Microsoft Netherlands has risen to the challenge of encouraging girls and young women to pursue STEM subjects as part of celebrating Girlsday 2017.
The urgency to educate girls, students and women in science, technology, engineering and mathematics has never been higher. Research undertaken by Microsoft has shown that Dutch girls lose interest in these STEM subjects at the age of 14, thanks to a combination of negativity and lack of confidence in their own skills, and a lack of female role models.
These findings remain consistent across Europe, with many girls losing interest in STEM subjects before they’re old enough to go to university. According to the European Commission, Europe could face a shortage of up to 900,000 skilled information and communication technology workers by 2020.
To help combat these figures, Microsoft Netherlands celebrated Girlsday on April 13 by opening its doors to girls and young women, in a bid to engage with them and get them excited about these vital subjects.
Together with inspirational role models who talked about the opportunities for girls in technology and a full day of workshops, the day was aimed at encouraging girls and young women to embrace technology and for them to consider joining the Microsoft Academy for College Hires (MACH) programme – a customized learning experience designed for new university hires in various full-time roles within Microsoft’s Evangelism, Finance, IT, Marketing, Operations, Sales and Services organisations.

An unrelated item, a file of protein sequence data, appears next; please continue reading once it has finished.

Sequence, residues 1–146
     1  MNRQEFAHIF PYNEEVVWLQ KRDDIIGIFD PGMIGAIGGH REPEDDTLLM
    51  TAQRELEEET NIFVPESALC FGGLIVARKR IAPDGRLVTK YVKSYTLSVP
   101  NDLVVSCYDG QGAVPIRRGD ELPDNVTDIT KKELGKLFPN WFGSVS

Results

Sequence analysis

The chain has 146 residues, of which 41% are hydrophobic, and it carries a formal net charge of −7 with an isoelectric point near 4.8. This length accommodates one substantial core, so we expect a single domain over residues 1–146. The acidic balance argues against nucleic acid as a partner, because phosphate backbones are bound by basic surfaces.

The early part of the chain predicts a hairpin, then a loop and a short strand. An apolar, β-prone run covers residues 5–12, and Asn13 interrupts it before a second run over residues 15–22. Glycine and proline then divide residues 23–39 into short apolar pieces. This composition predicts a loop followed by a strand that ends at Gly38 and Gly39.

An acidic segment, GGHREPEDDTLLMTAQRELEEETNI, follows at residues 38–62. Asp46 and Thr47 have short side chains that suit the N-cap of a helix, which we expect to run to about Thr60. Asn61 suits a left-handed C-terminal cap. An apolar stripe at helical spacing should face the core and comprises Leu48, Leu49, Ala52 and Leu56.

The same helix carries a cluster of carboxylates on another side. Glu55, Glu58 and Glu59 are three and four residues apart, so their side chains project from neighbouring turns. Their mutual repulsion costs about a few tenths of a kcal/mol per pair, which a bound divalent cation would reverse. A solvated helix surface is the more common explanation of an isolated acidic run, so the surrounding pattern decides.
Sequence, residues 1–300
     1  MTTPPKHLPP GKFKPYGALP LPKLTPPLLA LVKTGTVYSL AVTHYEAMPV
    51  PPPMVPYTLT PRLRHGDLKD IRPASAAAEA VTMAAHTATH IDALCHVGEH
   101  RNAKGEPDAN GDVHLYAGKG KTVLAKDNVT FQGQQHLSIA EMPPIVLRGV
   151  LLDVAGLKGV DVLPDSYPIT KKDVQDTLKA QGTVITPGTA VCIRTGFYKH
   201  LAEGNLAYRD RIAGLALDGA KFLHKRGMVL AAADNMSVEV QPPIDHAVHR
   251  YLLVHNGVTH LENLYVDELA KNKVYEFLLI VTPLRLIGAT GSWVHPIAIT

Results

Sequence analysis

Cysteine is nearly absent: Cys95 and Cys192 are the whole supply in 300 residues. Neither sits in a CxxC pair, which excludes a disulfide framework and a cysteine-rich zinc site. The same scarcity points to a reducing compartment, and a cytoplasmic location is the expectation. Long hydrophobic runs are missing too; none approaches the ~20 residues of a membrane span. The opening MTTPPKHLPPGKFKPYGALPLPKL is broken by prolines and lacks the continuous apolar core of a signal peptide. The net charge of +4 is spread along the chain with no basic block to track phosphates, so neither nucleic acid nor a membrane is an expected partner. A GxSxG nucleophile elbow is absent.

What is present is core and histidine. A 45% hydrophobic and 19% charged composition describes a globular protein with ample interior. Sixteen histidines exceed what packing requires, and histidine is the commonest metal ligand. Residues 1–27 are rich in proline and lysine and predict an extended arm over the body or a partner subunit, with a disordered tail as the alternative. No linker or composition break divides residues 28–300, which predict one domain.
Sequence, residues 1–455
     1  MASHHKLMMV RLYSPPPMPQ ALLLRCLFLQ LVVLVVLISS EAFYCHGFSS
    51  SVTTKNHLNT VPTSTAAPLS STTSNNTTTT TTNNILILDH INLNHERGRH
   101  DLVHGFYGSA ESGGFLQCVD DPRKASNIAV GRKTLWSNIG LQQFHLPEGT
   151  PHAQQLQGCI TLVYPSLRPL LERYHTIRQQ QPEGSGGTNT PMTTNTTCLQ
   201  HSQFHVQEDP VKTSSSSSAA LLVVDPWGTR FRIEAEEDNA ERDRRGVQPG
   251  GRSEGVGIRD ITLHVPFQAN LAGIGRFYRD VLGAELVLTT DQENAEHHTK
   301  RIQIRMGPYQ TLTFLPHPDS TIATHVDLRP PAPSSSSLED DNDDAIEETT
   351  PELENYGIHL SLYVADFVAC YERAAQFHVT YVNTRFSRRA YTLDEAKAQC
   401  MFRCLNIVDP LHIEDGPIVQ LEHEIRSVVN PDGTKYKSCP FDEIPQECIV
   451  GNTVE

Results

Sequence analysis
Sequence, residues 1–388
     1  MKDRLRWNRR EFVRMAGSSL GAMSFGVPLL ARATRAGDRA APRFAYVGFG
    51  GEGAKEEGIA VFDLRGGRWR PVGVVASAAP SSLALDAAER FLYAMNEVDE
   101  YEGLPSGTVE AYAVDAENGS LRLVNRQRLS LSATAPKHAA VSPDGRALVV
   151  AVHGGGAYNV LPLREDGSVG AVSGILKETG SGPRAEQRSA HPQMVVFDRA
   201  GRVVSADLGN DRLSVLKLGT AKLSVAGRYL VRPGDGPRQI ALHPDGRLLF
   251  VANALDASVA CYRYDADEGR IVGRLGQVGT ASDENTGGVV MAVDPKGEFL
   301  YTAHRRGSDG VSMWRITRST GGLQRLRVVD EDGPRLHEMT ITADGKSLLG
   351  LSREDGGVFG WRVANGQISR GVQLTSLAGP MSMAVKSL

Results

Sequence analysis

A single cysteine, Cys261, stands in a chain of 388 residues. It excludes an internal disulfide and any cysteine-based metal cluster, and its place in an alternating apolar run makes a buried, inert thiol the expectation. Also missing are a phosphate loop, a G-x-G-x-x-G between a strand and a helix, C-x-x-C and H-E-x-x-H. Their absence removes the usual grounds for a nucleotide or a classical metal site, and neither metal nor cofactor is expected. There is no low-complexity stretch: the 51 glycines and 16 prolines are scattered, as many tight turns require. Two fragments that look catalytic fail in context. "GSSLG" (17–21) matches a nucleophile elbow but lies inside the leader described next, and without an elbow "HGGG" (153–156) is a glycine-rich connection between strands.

A total of 110 young girls attended a morning session which saw them create micro:bit Milky Monsters and illustrate with Project Prep using Surface devices. This was followed by an afternoon session with 60 female tech students who participated in IoT and PowerBI sessions, along with soft skills workshops. Lastly, 125 professional women participated in the Azure Academy, alongside hard and soft skill workshops.
Microsoft is a firm believer in the role of technology in education, and inspiring girls and young women to choose studies and careers in STEM subjects. With the decline of the number of women in technical studies in the Netherlands and other countries in Europe, Microsoft is eager to invest in a sustainable growth of women in tech, for a more fruitful, equal future for us all.